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Procedia - Social and Behavioral Sciences 70 (2013) 61 – 66

Akdeniz Language Studies Conference 2012

A contrastive study of compliment responses among
Australian English and Iranian Persian speakers

Nafise Razi*
Department of foreign languages, Islamic Azad University, Abadeh branch, Abadeh 55955-73919, Iran

Abstract

This study aims at conducting a contrastive study of compliment responses (CR) among Australian English and
Iranian Persian speakers within the framework proposed by Chen-Hsin Tang and Grace Qiao Zhang (2009). The data
of the study was collected by giving a series of written discourse completion tasks which contained four situational
settings (appearance, character, ability, and possession) to a group of Iranian university students. Then, it was
analyzed using Holmes' (1988, 1993) classification of compliment responses. The findings of this study were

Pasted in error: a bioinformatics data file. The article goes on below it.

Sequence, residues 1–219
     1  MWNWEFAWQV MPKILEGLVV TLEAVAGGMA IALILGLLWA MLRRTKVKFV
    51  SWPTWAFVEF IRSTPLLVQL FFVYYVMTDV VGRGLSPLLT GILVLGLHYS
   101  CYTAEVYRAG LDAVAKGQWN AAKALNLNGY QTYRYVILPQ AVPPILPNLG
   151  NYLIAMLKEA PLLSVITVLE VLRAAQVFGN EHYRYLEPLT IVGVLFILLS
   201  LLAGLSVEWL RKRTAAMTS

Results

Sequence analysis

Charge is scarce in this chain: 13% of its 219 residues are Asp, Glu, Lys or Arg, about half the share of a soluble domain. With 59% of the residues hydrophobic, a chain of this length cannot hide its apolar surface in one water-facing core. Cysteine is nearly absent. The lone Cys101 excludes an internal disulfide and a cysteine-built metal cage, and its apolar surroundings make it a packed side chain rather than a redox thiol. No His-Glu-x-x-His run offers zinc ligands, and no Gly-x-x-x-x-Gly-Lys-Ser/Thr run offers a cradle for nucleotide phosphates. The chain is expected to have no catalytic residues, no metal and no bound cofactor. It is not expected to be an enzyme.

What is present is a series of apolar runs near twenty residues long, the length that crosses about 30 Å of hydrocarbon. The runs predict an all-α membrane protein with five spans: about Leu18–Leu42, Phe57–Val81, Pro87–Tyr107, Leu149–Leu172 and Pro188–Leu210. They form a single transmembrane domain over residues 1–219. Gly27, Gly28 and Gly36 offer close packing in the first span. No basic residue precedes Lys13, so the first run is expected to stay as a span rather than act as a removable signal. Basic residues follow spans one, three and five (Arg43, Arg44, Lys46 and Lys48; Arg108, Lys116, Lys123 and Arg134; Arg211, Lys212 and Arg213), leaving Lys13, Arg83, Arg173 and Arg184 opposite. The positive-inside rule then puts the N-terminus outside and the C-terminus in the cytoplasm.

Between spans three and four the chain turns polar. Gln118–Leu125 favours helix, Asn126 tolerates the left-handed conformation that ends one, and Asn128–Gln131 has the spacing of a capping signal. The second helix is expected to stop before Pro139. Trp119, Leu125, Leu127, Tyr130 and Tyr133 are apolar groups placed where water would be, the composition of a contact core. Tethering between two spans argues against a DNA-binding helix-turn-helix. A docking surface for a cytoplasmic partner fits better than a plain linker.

compared with the results of the study carried out by Tang & Zhang (2009).
© 2012 The Authors. Published by Elsevier Ltd. Open access under CC BY-NC-ND license.
-review under responsibility of ALSC 2012
Selection and peer-review under responsibility of ALSC 2012
Keywords: Contrastive analysis; compliment response; cultural differences

1. Introduction

the reason for concentrating on the study of speech acts is simply this: all
linguistic communication involves linguistic acts. In order to have successful communication, the
interlocutors not only should be linguistically but also sociolinguistic ally .
Holmes (1986, p.446) defines compliment response as a speech act that explicitly or implicitly attributes
(possession,
characteristic, skill, etc.) which has a positive value both for the speaker and the hearer .

Compliment responses can be considered as one type of speech acts worth studying because they can
perform different functions. Sometimes using an appropriate compliment and response can help the

*
Nafise Razi. Tel.: +98 09370721575
E-mail address: nrazi7990@yahoo.com

1877-0428 © 2012 The Authors. Published by Elsevier Ltd. Open access under CC BY-NC-ND license.
Selection and peer-review under responsibility of ALSC 2012
doi:10.1016/j.sbspro.2013.01.038